Food and Drink, pregnancy, Recipes

Pregnancy Cravings: Date Nut Bread

Last week, I talked about how I’m trying to eat dates every day to help potentially help with childbirth. Well, as soon as I heard that dates were good for pregnancy women, I immediately thought about one of my favorite childhood snacks: date nut bread with cream cheese and strawberries. When I was a kid, my mother used to have tea parties with me for my afternoon snack. It not only instilled in me a deep love of tea, but also helped me learn how to behave at the table in polite society. One of our favorite tea-time treats were little sandwiches of thinly sliced date nut bread, smeared with cream cheese and topped with thin slices of strawberry.

We got our date nut bread from the grocery store, where it was sold in dense, dark brown, round loaves in the bakery section. I haven’t seen it in years, though, and I knew I would want to make it from scratch anyway, so I could know how many dates were in each slice. So I went looking for a recipe and tinkered around until I came up with the recipe below. Now, the recipe I based this on calls for coffee and explains that the acidity of the coffee is important for the leavening, so I used decaf coffee. Personally, I feel like I do in fact taste the coffee, though I don’t dislike it. This recipe yields the same firm, dense, dark loaf that I remember as a child. If you let it cool completely, it will easily slice into very thin slices and hold up under the application of cream cheese. Strawberries are massively out of season right now, but I will definitely have to make this again in the summer. I divide this loaf into 8 portions, which can be further divided into two thin slices and each of which has about 1 oz. or 28g of dates in it.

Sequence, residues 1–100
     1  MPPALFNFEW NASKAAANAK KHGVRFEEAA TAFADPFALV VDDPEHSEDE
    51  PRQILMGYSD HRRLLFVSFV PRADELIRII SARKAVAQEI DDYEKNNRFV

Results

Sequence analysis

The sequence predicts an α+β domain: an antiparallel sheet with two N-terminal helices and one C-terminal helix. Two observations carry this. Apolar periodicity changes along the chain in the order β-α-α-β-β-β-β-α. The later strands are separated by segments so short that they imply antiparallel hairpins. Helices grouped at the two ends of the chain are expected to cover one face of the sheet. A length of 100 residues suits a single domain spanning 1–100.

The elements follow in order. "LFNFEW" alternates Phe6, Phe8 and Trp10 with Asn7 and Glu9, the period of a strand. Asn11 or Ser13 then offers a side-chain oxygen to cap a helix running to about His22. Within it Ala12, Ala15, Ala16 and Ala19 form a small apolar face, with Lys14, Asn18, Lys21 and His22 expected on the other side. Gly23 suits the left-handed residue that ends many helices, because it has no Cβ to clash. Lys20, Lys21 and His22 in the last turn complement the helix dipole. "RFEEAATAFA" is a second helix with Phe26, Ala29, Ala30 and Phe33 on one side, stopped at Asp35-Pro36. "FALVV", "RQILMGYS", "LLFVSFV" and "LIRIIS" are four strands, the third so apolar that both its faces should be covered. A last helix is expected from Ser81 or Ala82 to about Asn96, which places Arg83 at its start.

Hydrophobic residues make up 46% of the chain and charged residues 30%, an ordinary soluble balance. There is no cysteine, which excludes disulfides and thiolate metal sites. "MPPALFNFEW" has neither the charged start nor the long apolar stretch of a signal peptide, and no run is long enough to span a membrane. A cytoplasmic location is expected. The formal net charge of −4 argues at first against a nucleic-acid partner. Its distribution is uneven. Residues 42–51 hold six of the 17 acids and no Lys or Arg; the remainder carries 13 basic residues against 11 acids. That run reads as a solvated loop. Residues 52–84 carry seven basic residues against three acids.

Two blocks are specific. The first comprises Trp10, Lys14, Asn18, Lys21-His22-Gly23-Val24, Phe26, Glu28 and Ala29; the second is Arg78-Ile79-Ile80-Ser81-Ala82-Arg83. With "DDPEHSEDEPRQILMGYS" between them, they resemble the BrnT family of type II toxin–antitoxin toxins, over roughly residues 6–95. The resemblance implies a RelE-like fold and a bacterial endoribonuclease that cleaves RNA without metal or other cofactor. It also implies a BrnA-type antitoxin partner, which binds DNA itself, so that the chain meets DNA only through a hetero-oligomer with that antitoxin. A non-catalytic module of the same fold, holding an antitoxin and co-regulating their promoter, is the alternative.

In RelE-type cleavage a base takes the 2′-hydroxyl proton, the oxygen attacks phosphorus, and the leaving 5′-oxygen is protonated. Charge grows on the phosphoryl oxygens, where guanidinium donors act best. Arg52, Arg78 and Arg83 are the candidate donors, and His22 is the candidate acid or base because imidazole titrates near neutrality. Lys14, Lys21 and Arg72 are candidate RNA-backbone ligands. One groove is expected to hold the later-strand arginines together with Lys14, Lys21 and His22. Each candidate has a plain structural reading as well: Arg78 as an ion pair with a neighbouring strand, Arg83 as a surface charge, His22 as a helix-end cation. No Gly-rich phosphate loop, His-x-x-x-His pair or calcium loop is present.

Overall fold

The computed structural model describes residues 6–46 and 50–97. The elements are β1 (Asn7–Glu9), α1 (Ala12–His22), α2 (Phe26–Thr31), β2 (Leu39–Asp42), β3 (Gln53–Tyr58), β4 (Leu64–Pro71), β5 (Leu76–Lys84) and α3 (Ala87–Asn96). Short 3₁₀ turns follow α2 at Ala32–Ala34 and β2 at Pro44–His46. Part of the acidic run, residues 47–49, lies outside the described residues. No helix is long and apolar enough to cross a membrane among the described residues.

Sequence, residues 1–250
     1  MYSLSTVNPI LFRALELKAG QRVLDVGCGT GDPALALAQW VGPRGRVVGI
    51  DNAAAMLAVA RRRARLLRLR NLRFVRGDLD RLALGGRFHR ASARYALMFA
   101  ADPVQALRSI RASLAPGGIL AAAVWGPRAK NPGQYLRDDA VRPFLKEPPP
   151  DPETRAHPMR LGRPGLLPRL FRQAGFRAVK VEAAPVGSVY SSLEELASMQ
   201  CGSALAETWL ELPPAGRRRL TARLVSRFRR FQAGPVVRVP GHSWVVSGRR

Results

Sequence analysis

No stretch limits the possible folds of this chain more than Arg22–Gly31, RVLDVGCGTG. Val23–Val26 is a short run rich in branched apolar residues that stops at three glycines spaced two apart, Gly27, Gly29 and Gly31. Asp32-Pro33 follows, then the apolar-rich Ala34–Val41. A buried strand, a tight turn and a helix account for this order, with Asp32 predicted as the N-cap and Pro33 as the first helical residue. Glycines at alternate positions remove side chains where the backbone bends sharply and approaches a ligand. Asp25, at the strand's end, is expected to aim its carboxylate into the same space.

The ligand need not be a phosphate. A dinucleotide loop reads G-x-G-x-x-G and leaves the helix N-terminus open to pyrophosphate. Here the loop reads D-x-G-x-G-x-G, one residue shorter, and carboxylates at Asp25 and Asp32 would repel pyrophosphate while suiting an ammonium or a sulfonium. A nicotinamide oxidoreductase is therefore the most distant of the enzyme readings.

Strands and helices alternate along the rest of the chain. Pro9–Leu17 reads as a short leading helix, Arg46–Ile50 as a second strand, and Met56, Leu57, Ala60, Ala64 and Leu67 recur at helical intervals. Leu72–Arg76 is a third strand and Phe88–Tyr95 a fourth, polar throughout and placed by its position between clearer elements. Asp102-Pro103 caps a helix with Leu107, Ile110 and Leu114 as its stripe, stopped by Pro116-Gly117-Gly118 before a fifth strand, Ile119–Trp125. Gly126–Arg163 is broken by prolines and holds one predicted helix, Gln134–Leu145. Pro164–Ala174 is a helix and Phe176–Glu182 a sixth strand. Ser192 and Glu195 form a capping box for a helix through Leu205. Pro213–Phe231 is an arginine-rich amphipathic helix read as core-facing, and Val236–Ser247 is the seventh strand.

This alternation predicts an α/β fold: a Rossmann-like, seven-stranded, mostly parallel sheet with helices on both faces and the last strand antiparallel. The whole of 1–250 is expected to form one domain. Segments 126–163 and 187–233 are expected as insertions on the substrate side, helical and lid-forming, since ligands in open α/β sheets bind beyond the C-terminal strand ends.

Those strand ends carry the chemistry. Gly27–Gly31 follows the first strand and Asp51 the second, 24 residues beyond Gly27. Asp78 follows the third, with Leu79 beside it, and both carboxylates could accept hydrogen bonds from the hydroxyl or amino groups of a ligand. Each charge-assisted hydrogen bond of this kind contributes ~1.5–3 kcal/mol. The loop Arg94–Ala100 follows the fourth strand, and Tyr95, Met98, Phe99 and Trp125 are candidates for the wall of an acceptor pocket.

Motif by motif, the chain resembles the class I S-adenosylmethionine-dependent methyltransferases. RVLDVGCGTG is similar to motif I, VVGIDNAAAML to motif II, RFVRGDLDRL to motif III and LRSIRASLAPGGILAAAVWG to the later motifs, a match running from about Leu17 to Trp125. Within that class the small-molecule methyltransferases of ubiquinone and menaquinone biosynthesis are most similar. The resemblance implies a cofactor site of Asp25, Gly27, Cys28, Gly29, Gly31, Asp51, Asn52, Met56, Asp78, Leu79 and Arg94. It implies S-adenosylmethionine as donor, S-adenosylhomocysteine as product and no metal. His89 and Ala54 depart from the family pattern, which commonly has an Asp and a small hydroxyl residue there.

Old-Fashioned Date Nut Bread

(based on this recipe)

Ingredients:

8 oz. pitted dates, finely chopped
1/2 cup of sucanat
1/2 stick of softened unsalted butter
1/2 tsp. salt
1 tsp. baking soda
1 cup of hot brewed coffee
1 large egg
1 tsp. vanilla extract
1/2 tsp. baking powder
1 cup of einkorn all-purpose flour
3/4 cup sprouted spelt flour
1 cup chopped walnuts

  1. Preheat the oven to 350F and grease a 8.5″x4.5″ loaf pan and line it with parchment.
  2. Combine the first six ingredients and stir until the butter is melted. Set aside to cool for 15 minutes (this will also soften your dates).
  3. Add the egg and the vanilla to the mixture and mix well. Add in the flours and baking powder and stir to combine. Fold in the walnuts.
  4. Pour the batter into the prepared pan and bake for 45-60 minutes. Tent with foil after 30 minutes to prevent over-browning. Test for doneness by taking the internal temperature, which should be about 200F. Let cool for at least 10 minutes in the pan, and then remove and cool completely on a rack before slicing. Keeps for about a week at room temperature in an air-tight container, or freeze for longer storage. I get about 8 servings out of this.

Recipe Notes: